In addition total Letty Adams seems to have had at least nine children. The first four are certainly by Erasmus: Margaret Jane, John Wiley, Nelson and Nancy. Then from the 1880 census, Lynda who may or may no have been Erasmus's daughter, Jenny, Sarah Frances, Manday and Margrett. Sarah Francis was born in 1872 and from her marriage bond was the daughter of James Young. Like all of Lettys' children Sarah Francis commonly went by Adams and is “Adams” on the bond. But in the 1880 census when she was 7 she is Sarah F Bedwell. It is unclear if Letty ever actually married anyone other than Erasmus. Her headstone in the Singleton Cemetery on Camp Creek in Leslie Co, reads "Letty Adams".
Although they were married in 1866, Erasmus and Sally apparently did not have children, at least ones that survived infancy until 1872 when Francis (Fanny) was born. In the 1870 census it is only Erasmus and Sarah. Along with Fanny the 1880 census lists Andrew Jackson (A. J.) Born in Aug 1874, Thomas born May 6, 1876, Terry (listed as a male) born about 1879, and Elizabeth born in 1880. A daughter, Flora is listed in the Letcher county birth records as born to Erasmus and Sally March 20, 1878 but is not in the census. She must have died before age two. Also Sally and Erasmus' last child was a son Elijah born in June 1880. It is possible the census taker confused the names and sex of the infant in the household. Lige should have been the child born in 1880 and Elizabeth is never mentioned in any later records.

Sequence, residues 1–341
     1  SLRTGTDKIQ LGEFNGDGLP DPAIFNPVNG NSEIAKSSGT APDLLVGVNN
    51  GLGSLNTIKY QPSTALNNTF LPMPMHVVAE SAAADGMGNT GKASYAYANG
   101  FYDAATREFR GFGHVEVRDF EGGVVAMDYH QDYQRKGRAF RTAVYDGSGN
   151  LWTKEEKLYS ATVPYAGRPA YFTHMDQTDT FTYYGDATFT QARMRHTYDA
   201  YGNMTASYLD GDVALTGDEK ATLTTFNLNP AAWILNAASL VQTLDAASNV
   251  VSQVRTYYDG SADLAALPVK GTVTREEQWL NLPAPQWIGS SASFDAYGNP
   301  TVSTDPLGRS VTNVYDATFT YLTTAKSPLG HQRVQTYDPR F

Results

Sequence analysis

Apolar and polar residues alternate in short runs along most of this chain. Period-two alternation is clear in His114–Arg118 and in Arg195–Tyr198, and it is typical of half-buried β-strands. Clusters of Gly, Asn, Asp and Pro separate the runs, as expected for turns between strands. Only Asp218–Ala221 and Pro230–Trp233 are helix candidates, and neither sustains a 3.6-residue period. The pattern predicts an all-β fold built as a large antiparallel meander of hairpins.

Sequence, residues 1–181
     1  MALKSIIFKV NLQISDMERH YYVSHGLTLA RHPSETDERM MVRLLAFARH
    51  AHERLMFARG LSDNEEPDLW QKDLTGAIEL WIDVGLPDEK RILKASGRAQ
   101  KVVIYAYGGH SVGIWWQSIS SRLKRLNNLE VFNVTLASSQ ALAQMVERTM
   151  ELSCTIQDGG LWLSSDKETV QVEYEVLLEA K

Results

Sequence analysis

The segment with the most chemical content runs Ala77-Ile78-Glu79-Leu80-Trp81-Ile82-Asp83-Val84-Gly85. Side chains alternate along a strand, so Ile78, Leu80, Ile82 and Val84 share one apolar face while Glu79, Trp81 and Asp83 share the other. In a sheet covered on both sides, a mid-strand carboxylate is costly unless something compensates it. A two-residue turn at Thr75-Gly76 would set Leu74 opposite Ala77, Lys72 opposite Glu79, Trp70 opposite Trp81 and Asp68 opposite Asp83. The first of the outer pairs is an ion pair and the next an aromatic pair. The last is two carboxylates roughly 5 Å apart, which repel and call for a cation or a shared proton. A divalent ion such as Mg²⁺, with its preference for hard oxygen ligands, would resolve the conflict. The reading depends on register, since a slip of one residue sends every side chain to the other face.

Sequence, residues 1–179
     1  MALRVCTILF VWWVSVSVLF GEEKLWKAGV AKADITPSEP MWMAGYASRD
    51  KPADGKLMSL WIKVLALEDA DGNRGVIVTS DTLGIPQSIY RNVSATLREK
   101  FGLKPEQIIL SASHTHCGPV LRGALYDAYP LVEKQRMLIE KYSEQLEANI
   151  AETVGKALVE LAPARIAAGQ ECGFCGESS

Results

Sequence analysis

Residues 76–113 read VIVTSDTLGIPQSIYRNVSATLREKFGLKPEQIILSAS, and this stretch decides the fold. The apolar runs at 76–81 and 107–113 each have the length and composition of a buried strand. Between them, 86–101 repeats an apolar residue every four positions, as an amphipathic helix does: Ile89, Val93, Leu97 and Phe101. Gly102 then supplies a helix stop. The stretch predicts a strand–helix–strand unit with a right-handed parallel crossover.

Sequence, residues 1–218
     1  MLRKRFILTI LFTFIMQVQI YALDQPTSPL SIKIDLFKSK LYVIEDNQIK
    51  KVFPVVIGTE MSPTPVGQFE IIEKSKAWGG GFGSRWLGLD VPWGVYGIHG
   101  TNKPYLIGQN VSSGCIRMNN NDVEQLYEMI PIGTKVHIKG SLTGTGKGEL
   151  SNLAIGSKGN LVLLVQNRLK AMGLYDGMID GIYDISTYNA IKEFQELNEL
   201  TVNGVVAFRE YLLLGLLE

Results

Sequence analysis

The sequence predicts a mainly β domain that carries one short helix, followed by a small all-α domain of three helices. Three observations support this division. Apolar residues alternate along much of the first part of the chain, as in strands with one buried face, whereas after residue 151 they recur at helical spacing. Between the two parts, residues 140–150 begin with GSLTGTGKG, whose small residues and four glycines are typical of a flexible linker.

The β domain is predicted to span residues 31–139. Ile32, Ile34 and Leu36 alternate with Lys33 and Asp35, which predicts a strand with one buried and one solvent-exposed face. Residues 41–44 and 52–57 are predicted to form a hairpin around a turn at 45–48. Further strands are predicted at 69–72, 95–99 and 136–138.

The 1880 census is the last official record of Erasmus. Eli Hall was a Letcher County neighbor of Erasmus and Sally. He kept a daily diary of activities in the area and in the fall of 1880 made this notation: "Erasmus Bedwell died September 25, 1880". There is no cause given and no other details. Erasmus would have been 53 years old. Presumably he is buried somewhere in Letcher county but I've never been able to find out where.
We know for certain that Erasmus Bedwell left 10 children, Margaret Jane (Jenny), John Wiley, Nelson and Nancy with Letty and Fanny, A.J., Thomas, Terry, Flora and Elijah with Sally. In addition it seems likely that Letty's daughter Lydia was also his making eleven. At this point I know that at least seven, Jenny, John, Nelson, Nancy, Fanny, AJ and Lige survived to adulthood. I have at least some information on descendants of all those but Nancy. Just from those six children Erasmus' grandchildren (through at least 8 generations now) number in the thousands. We are spread out over the entire country and beyond. We were and are teachers, social workers, farmers, lawyers, truck drivers, politicians, doctors, coalminers, carpenters, nurses, ministers and merchants. Like Rass, a few also had intimate contact with a penitentiary or two. Some still have his surname, most don't.
Whatever it was that inspired Rass to leave Virginia and head for Kentucky worked out well for us!